At first glance, it feels a bit like a cattle sale, as men both big and small talk size and scale -- "legit 6'10" says one, "250 easy" raves another -- like it's a meat market. And it is a business. For all of us. It's a give-and-take for guys like me covering the event, for the NBA scouts scarfing down free sandwiches and, most tenuously, for the family of Andrew Bynum, the 7'0" 250 pound man-child with a baby face all these businessmen from the Hornets, Raptors, Rockets, Knicks, Hawks, Grizzlies, Jazz, Bobcats and about 15 other teams are here to see.
We're welcomed by Bynum's AAU coach, Larry Marshall, who tells a little about what we're going to see and how it came to be. I am impressed with Marshall, who looks like a man used to driving a Ford who just stumbled across a Porsche with the motor running. It's his job to shield his star player from the rough stuff, to keep the agents and intricate NCAA rules in place, all while trying to maximize the once in a lifetime opportunity for young Bynum.
Marshall, part of the Kids Plus Youth Development Corp. who is sponsoring this event at Baruch College in Manhattan, explains to those gathered that the family is paying for everything, keeping it all above board so as to best do a "feasibility study" on his charge's future. He shows a tense and single-minded focus that can and must be the only way to survive the wolves of professionalism.
Joining Bynum, clearly the main attraction, will be Louisville center Otis George, Jack Ingram, a sharp-shooting big man from Illinois and Jamaal Levy, a wiry jumping jack from Wake Forest. Not joining the four is Wake junior Eric Williams, who, judging from the groans of a few in attendance, was anticipated but was unable to attend.
I mill around the room looking for clues as to what the men assembled might be thinking, but they are wearing poker faces. Or if they are smiling, it is at the recognition of an old scouting friend. I ask one scout if this is the way all these things are and, after looking me up and down and judging by my "media" nametag that he should be judicious about his comments, he warily replies, "Pretty much. Except this one has food."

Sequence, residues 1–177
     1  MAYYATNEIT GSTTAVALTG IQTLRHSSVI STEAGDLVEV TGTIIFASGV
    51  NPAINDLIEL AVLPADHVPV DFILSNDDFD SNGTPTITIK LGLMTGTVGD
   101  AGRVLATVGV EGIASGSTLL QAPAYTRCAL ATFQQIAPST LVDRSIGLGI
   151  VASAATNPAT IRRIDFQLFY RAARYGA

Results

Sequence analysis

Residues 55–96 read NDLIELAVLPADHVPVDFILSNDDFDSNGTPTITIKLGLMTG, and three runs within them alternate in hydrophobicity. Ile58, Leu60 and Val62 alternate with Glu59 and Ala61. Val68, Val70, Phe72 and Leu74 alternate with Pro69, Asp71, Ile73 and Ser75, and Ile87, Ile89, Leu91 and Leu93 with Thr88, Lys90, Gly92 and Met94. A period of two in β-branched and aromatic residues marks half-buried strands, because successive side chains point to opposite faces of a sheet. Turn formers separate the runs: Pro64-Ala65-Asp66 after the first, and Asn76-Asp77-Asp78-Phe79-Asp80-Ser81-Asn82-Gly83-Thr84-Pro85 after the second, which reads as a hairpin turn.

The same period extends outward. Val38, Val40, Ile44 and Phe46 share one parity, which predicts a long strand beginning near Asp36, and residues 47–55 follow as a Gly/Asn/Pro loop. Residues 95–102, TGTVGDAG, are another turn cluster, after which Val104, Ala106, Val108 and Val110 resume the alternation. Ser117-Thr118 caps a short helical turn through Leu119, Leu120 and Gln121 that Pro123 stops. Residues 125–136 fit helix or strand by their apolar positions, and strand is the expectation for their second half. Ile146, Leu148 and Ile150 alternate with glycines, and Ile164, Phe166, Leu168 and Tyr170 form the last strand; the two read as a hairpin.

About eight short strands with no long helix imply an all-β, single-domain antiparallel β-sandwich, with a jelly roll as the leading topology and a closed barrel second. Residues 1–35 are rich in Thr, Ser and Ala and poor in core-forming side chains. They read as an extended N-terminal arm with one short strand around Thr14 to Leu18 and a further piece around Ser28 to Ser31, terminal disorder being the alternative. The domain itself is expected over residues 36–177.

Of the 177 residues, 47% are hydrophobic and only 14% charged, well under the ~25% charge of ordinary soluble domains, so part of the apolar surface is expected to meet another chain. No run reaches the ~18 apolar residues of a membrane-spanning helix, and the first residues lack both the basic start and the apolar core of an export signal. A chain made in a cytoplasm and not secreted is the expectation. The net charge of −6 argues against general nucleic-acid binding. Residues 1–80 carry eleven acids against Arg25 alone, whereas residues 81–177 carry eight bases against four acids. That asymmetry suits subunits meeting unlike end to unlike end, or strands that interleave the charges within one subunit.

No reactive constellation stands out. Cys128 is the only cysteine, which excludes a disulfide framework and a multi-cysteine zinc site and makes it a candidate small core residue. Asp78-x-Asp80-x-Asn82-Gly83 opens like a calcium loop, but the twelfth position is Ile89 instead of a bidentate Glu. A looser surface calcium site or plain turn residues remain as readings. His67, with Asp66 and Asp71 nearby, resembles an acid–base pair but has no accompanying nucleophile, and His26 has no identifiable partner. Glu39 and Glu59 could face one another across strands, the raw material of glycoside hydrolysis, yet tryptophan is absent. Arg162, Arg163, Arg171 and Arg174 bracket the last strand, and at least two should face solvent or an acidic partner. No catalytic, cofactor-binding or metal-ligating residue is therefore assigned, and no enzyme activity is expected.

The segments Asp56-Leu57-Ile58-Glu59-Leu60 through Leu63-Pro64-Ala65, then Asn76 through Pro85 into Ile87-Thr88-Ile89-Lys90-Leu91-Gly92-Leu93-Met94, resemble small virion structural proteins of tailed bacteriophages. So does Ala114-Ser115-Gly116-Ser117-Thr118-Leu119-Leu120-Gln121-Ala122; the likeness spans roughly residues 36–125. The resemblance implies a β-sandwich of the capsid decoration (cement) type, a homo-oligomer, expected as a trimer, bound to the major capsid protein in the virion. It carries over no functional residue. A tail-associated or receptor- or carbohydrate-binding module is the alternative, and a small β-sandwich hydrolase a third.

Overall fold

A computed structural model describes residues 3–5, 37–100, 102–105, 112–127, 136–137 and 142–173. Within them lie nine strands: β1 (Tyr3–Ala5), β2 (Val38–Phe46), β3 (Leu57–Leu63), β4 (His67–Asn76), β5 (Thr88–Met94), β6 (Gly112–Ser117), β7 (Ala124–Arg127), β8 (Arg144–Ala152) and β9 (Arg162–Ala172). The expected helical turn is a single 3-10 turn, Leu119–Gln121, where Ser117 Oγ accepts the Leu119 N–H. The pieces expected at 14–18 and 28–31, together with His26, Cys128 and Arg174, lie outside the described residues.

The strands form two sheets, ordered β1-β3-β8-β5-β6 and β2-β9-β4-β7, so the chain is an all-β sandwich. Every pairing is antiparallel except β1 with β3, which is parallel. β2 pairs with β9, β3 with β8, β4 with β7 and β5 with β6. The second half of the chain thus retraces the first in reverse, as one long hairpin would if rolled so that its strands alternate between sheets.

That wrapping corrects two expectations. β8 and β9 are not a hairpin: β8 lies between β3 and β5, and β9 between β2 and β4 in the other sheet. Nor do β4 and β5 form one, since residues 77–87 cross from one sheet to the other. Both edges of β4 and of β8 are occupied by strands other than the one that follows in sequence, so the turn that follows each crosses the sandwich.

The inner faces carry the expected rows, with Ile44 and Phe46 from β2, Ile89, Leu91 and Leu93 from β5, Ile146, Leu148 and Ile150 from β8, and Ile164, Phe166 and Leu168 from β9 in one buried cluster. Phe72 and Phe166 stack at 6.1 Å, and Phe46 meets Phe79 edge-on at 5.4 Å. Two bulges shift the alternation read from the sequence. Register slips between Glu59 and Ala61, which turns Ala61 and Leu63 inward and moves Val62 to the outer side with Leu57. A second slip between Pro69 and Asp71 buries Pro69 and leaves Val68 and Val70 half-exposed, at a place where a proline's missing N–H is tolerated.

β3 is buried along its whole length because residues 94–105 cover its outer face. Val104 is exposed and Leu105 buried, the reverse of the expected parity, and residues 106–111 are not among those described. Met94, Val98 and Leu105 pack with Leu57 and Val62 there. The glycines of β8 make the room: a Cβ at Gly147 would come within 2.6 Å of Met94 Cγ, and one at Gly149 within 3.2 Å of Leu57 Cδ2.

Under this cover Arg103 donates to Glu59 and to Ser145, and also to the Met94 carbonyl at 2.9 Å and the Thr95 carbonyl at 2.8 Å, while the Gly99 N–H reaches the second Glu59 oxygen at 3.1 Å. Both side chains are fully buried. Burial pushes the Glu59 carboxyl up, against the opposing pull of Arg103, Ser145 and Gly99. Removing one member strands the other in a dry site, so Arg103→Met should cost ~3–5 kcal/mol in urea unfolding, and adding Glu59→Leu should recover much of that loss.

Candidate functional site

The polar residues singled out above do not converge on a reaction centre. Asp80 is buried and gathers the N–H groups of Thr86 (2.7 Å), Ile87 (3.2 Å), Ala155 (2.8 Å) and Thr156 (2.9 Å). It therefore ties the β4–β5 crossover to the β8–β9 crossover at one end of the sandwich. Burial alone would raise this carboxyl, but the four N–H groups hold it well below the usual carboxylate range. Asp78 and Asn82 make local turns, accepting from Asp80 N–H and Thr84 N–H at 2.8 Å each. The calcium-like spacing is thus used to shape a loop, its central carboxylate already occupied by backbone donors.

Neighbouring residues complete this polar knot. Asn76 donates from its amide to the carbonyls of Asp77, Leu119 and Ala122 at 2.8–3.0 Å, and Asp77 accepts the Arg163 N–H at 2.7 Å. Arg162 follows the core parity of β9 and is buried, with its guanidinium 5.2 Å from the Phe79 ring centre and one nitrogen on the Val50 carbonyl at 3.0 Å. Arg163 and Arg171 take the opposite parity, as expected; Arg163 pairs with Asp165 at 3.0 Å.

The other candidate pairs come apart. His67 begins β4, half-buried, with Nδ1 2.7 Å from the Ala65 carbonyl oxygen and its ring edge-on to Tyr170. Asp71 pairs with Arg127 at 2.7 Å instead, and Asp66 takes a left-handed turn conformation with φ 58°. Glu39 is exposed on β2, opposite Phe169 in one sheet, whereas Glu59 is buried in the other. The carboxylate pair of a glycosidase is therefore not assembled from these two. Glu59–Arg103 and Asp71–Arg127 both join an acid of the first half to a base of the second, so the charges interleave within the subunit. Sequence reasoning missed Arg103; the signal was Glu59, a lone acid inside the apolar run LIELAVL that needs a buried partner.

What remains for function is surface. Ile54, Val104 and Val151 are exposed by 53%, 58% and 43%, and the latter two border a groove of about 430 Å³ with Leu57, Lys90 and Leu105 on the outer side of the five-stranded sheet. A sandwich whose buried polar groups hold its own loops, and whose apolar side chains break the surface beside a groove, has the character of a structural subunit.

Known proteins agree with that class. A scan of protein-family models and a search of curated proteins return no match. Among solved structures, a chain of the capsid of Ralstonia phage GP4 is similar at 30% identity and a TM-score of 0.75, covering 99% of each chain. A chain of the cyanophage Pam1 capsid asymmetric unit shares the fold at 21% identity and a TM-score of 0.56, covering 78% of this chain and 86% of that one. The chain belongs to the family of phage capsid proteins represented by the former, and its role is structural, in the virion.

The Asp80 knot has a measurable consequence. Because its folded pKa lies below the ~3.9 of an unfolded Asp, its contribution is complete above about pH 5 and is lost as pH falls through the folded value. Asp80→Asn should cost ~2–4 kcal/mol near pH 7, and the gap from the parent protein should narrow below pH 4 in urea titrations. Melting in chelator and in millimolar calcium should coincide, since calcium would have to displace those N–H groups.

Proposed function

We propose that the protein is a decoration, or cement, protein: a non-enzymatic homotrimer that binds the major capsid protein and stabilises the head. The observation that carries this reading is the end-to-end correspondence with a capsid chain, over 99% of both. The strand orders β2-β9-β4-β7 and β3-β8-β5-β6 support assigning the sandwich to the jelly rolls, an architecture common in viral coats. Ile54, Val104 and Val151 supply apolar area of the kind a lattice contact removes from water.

In the background, a DVD of Bynum's highlights plays on an endless loop. Slow motion replays of agile blocks, his dunks in the McDonald's All-American game and his manhandling of 6'3" high school forwards have little or no audience. These men, whose lives revolve around knowing good from great, real from fake, player from pretender, will wait to see the real thing in action.
We enter the Baruch gym, which looks like any gym you've ever seen, and sit down on the bleachers. I ask another scout who sits by himself whether all these teams are genuinely interested in what happens here today. He tells me that most of the teams with scouts in attendance probably have little or no interest in Bynum or the others. But they are here because to not know about the 'next big thing' would be far more detrimental to a team than to know about him and pass. This, it turns out, is the cardinal rule of scouting and drafting.
As the players warm up, it's clear that Bynum is being protected. The biggest of the three players accompanying him is probably George, but he's visibly smaller than Bynum, if more defined. Bynum looks more lean and built than I expected from a high school kid. His workouts with these three and Eric Williams over the past month have clearly been designed to wipe out his baby fat and showcase an NBA body. The kid is a huge physical specimen, with long arms and no awkward movements as he runs basic layup drills to get started.
The players dribble up the court right-handed for a layup, then back down the other side left-handed. Bynum shows a decent handle for a 7-footer with either hand, and takes time to dunk the ball on each end ferociously rather than lay it in. For a guy his size, it's probably just easier.